Ponies, ponies, ponies
Arlington, London, 1985, 704 pp. Cover Glenn Steward (2nd imp left)
Corgi, 1996, pp, 919 pp.
Brilliant gypsy rider Jake Lovell is spurred on by his hatred of the show jumper
eventually to the Los Angeles Olympics.
Bantam, London, 1991, 715 pp. Cover Peter Sherrard (left)
Corgi, 1992, pb, 765 pp.
explodes into tragedy; Perdita succeeds in polo but turns into a complete brat.
Jilly Cooper is the doyenne of the horsey story with added zip. She started her writing career as a columnist for The Times, regularly getting into trouble for tackling subjects Times readers thought were not quite the thing. Her novels kicked off with several romantic stories named after their heroines, which were a stalwart part of my life as a teenager in the 1980s. I can remember coming home from university on the train snorting with laughter as I read Emily, Octavia et al, being glared at across the aisle by those whose reading matter was considerably more serious. Jilly Cooper moved on: her novels increased (dramatically) in length, and in raciness. Her later books, set in Rutshire (a fictionalised version of Gloucestershire, where Jilly Cooper now lives) focus on either horses or music, though there is some cross over with most titles.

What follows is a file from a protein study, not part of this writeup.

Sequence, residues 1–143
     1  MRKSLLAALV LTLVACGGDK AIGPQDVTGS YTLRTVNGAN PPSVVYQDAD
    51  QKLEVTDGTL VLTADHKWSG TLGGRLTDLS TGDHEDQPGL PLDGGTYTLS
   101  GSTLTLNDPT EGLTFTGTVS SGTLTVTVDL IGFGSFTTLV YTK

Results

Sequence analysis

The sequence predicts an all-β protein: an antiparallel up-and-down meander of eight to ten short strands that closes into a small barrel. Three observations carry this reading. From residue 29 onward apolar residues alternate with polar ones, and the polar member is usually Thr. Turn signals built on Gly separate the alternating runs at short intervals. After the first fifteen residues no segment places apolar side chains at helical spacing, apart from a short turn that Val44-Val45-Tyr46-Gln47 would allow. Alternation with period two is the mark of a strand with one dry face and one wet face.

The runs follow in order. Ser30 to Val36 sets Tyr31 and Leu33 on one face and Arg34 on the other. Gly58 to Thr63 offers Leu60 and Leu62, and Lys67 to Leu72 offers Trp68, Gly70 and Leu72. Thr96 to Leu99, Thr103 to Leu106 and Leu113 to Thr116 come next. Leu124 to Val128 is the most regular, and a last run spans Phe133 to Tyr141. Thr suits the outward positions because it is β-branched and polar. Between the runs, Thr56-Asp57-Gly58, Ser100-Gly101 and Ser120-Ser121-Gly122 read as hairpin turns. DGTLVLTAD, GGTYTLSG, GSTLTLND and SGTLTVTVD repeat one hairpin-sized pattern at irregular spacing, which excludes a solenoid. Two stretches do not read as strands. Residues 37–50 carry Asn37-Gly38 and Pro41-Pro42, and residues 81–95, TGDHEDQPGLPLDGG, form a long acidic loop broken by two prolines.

The series features her most notable hero, Rupert Campbell Black. He is a tall, dark and dangerous to know show jumper, though now just about tamed by his sweet wife, Taggie. Jilly Cooper’s latest story is Jump, featuring a middle aged woman with a crush on RCB. Its cover, based on the infamous Lewis Morley shot of Christine Keeler, leaves the reader in no doubt about what they’re going to get. This latest novel has received mixed reviews: The SundayTimes felt Jilly Cooper had overstepped the line between “frisky high spirits and darker elements” in some areas of the book. Jane Shilling, reviewing the book in The Daily Telegraph, enjoyed Cooper’s “distinctive sweetness of nature,” though thought some of the sex scenes “mechanically filthy”, and the book in need of a good edit. None of this though, will stop me or I suspect many, many others, from reading it.
The books I’ve included in this partial bibliography are those most overtly horsy. Her Rutshire series involve many of the same characters, so there is an element, however small, of horse in most of them.
Finding the books: very easy. Paperbacks turn up all the time.
Links and sources
Bantam, London, 2010, 739 pp.
Etta Bancroft adores racing and has a crush on Rupert Campbell-
The Rutshire series
The Man Who Made Husbands Jealous